Having trouble in your relationship? A little MDMA might be just the thing. People who use the psychedelic substance are able to talk about the important people in their lives with greater depth and clarity, according to new research, which could lead to breakthroughs in insightful and productive couples’ counseling.
A study published in the Journal of Psychopharmacology reports that MDMA can help people feel more engaged in their close relationships and better able to describe their intimate feelings.
“I think it could be quite useful for couples’ counseling,” study co-author Matthew Kirkpatrick said to The Huffington Post. “I suspect you would see that couples would rate each other as being more emotionally responsive, they would feel closer to one another and they would engage in longer conversations about deeper topics.”
The study looked at 35 people who already have used MDMA and recorded at how they spoke about close relationships when under the influence of the psychedelic, compared to taking a placebo. The researchers analyzed the words used by the subjects and found that they were more insightful, confident and in touch with their emotions when on MDMA.
“With MDMA, you get these really increased feelings of sociability and closeness with others,” Kirkpatrick told HuffPo. “When you’re on MDMA, you tend to focus on positive social-emotional stimuli, and you’re less reactive to negative emotional stimuli, such as fearful or angry faces.”
This isn’t the first time MDMA has been suggested as a good option for couples’ therapy. Oxford ethicist Brian Earp argues in a 2013 interview with The Atlantic that MDMA and other “love drugs” could help boost affection in long-term relationships and help people come to terms with tensions and contradictions.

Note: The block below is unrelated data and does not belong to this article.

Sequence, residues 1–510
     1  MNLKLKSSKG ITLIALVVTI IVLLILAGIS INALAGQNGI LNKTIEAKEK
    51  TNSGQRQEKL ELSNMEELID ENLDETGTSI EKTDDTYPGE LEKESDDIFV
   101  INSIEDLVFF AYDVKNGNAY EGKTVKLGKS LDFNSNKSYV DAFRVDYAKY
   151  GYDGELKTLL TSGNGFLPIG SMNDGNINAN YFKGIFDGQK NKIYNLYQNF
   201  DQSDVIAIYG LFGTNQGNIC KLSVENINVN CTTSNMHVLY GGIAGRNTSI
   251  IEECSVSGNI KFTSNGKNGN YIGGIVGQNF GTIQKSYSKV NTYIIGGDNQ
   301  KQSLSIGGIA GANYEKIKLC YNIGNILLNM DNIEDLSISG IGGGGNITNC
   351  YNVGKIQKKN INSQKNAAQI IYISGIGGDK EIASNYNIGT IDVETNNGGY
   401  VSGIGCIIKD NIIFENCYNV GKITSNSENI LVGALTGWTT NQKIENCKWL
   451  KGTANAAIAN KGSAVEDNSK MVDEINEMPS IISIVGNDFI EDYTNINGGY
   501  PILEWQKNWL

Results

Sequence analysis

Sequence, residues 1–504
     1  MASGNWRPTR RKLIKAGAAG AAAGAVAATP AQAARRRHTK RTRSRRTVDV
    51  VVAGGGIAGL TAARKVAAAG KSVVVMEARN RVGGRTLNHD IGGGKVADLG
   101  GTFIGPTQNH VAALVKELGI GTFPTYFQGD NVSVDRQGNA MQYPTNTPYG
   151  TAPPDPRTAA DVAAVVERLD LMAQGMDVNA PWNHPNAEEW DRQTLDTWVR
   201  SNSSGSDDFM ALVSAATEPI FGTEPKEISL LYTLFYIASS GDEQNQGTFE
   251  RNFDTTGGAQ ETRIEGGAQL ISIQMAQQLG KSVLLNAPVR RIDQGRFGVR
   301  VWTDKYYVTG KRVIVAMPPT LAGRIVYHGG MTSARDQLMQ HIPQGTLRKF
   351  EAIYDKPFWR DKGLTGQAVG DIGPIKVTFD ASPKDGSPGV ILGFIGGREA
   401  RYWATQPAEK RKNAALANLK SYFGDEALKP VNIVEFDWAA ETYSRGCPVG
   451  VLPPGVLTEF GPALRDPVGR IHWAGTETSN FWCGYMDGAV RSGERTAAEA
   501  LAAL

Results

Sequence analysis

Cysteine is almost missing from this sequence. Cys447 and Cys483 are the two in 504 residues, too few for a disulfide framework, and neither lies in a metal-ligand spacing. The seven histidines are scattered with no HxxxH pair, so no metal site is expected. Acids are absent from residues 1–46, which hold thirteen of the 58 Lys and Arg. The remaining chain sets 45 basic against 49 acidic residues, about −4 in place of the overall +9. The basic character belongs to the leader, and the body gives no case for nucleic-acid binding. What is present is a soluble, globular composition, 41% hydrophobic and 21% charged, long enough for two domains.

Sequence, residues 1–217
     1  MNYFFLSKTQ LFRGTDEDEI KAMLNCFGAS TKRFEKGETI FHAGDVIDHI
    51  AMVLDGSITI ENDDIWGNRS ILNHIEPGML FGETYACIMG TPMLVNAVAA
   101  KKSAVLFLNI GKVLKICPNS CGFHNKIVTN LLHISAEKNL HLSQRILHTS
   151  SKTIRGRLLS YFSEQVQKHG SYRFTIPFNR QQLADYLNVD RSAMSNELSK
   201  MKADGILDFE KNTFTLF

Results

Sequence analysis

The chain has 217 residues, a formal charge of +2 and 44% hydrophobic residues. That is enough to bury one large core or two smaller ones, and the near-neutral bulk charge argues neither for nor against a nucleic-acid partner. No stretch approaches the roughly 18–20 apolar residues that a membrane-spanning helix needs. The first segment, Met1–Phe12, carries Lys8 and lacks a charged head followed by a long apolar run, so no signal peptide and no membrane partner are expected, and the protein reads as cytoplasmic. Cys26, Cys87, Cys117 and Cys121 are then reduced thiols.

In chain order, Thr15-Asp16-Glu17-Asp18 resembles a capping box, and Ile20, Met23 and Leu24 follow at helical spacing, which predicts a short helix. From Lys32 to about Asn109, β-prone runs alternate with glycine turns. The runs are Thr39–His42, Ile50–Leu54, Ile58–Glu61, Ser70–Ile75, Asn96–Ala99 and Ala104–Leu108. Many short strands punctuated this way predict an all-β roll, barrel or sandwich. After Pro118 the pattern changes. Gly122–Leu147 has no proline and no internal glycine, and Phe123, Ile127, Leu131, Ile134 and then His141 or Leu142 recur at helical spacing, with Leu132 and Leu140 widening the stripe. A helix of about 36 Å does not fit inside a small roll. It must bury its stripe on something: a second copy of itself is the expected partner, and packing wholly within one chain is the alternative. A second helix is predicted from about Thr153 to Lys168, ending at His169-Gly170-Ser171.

Its empathy-boosting properties could help couples figure out how to reconcile their differences — or perhaps decide with openness and integrity that their relationship should end. Unfortunately, actually accessing MDMA is difficult because it is considered a drug of abuse with no medical value under Schedule I of the Controlled Substances Act, meaning it is strictly prohibited under federal law. The federal government banned the substance in 1985 amid hysteria that it was being abused in party-pill form, popularly known as “molly” or “ecstasy.”
Banned or not, the psychedelic’s propensity for decreasing fear and increasing well-being shows immense promise in other therapeutic realms as well. MDMA therapy was used successfully to treat posttraumatic stress disorder before it was banned, and currently, the non-profit psychedelic research center MAPS (the Multidisciplinary Association For Psychedelic Studies) is studying MDMA in various therapeutic capacities, including to treat social anxiety in adults with autism, to assuage anxiety related to life-threatening illness and to treat PTSD.
Other recent studies have shown that regular MDMA use is not associated with cognitive impairment, contrary to government propaganda.
MAPS is hoping that its research can help convince the federal government to approve MDMA as legal medication by 2021. So for now, you can’t legally use it to work out the kinks in your relationship, but if you can hang on for a few more years, help could be on the way.